Report: UK lagging behind other G7 nations on green finance and jobs

69% of municipalities are concerned by a lack of environmental and climate experts working on development plans

That is according to a damning new report from the Trades Union Congress (TUC) today (1 June).

Published ahead of the G7 Summit, which begins in Cornwall on Friday 11 June, the report assesses how much “green” Covid-19 stimulus has been offered by each of the G7 governments. Activities classed as “green” include renewable energy generation and related infrastructure, energy efficiency, electric cars, nature conservation and restoration, public transport and active travel. Funding is assessed on both a total level and a per-person basis.

On a total funding level, the UK comes bottom of the seven, with £12.13bn pledged. The TUC has accounted for the £12bn Ten Point Plan and for a handful of other schemes, including the now-closed Green Homes Grant and the Public Sector Decarbonisation Scheme. The top three nations in terms of total funding are the US (£971.75bn), Italy (£83.87bn) and Germany (£49.39bn).

The UK is second-last in the funding per-person table, with only Japan faring worse. While the UK Treasury is investing £180 per person, the USA is planning to allocate over £2,960 per person and Italy has earmarked more than £1,380 per person.

According to the TUC, the UK could scale up its pipeline of quality green jobs tenfold if it chooses to scale investment to match the better half of the G7 table. The trade body forecasts that current plans will lead to the creation of 44,000 new jobs by 2030 but that this figure could surpass 338,000 if investment is scaled to match Canadian proportions, or 712,000 if investment is matched with US proportions.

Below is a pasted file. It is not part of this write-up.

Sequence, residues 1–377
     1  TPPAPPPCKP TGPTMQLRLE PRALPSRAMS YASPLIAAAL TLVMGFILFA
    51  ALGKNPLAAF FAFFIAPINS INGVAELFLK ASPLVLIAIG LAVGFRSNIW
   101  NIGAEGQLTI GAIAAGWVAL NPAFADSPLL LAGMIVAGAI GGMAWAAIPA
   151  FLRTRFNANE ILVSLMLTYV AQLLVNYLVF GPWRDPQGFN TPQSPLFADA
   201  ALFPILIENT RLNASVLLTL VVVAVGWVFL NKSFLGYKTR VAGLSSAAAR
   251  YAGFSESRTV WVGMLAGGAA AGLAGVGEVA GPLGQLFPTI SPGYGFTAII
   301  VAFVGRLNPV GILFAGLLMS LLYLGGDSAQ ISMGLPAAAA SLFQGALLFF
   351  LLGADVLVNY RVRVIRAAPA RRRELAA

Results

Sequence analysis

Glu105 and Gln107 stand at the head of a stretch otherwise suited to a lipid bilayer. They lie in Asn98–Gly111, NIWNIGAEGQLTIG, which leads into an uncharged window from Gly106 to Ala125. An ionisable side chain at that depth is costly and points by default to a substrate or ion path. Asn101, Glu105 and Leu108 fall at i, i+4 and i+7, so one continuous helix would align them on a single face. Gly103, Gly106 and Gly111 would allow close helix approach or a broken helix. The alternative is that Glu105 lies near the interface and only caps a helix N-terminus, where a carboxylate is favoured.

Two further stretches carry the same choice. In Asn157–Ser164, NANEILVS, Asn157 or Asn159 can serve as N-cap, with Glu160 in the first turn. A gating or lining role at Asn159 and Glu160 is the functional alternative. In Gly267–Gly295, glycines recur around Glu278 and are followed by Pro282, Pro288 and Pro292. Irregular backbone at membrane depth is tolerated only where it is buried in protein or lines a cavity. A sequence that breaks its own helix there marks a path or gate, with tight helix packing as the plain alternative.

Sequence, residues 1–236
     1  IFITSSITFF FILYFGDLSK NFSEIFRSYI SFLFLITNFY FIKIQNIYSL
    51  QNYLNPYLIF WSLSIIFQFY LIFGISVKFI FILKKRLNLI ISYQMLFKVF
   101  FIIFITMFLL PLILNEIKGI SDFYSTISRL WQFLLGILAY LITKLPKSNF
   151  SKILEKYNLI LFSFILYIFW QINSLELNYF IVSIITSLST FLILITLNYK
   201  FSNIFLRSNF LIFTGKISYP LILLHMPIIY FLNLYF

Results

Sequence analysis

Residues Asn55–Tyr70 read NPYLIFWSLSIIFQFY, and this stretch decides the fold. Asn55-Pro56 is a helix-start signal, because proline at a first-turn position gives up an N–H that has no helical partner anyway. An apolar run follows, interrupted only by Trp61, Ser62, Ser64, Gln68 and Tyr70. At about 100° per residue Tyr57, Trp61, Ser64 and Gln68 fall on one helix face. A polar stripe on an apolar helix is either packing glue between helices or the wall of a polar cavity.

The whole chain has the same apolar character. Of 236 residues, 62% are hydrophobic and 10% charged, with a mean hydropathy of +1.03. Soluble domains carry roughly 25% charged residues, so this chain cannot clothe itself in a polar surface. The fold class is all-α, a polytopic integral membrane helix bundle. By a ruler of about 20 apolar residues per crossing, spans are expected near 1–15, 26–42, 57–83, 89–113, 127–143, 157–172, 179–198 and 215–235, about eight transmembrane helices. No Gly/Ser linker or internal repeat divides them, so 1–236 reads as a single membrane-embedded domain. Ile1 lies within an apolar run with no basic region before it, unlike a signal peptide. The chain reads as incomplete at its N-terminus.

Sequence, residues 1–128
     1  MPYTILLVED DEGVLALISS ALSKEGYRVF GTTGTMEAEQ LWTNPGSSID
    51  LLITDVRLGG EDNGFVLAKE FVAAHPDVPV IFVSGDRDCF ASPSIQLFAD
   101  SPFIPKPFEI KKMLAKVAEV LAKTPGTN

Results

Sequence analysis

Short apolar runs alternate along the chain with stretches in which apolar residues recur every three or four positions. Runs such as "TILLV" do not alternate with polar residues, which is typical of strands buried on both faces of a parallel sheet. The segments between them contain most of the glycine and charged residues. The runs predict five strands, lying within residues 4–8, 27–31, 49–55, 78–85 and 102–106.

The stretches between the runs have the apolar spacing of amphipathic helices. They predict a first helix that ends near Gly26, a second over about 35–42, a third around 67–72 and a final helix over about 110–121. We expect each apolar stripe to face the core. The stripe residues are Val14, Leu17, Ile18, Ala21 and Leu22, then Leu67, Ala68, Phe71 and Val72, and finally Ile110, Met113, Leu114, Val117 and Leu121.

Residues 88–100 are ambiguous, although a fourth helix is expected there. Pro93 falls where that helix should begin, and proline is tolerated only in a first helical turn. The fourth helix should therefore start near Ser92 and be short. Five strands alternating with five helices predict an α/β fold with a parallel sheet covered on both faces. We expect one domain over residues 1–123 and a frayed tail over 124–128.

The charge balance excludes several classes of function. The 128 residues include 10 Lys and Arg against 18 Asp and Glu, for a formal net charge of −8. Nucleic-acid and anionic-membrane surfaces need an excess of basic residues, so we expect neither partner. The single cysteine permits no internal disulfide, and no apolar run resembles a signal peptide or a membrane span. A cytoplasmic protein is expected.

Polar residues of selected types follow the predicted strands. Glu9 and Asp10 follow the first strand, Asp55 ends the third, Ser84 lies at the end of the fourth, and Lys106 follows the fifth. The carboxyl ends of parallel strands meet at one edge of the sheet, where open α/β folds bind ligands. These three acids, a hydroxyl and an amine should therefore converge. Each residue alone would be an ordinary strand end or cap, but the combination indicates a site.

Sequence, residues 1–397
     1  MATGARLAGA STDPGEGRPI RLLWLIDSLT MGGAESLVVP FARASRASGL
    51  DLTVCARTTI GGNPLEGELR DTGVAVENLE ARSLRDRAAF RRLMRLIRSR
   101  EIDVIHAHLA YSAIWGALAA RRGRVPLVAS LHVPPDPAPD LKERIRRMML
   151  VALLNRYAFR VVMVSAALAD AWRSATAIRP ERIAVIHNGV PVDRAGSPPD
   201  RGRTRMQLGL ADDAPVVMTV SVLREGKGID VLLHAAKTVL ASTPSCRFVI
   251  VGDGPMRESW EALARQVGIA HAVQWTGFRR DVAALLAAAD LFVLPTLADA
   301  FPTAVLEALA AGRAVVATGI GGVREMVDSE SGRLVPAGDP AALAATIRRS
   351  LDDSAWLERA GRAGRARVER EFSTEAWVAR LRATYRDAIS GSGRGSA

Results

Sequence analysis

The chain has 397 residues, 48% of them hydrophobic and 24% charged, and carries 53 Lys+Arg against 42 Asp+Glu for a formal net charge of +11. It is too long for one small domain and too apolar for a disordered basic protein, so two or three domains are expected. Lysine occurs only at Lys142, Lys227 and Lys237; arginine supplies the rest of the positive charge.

These figures cover roles that would “last the decade”; temporary roles associated with construction phases or trials are not counted. When such roles are added, the potential rises to 1.24 million jobs. The TUC points to particular opportunities in the fields of low-carbon steel, hydrogen, electric vehicles (EVs) and tidal power.

The Conservative Government’s headline commitment on green jobs is to host two million roles by 2030. Organisations including the TUC, the Aldersgate Group and IEMA have warned that it is currently far off-track to delivering this vision.

“Good green jobs should be at the heart of our economic recovery from the pandemic, but the Prime Minister’s plans are nowhere near ambitious enough,” TUC general secretary Frances O’Grady said.

“The government should look to the rest of the G7 and put more money into green jobs and infrastructure. It’s a chance to replace the jobs lost in the pandemic and level up the UK.

“Every area needs good green jobs, close to home. We can revitalise towns and communities that have lost traditional industries and make better jobs available to the millions in insecure jobs on poverty pay.”

The current state of play

The Government recently launched a Green Jobs Taskforce – a coalition of businesses, education providers and NGOs.

The body’s job is to help unemployed people and those in transitioning industries into new, skilled jobs, while developing a roadmap to scale up this work in the long-term. The Taskforce does not have any legal powers, however, to hold departments to account.

Pre-pandemic, Government figures revealed that turnover in the UK’s green economy accounted for just 1% of national non-financial turnover. Similar investigations into official jobs figures found that while domestic jobs in the renewable energy sector rose year-on-year in 2018 and 2019, they were ultimately down on 2014 levels.

The publication of the Hydrogen Strategy and Heat and Buildings Strategy, both due imminently, may well scale funding for some of the focus points of the Ten Point Plan, providing investors and businesses with the certainty needed to scale supply chains and skills pipelines. The Transport Strategy is also due this Parliamentary session.

Sarah George

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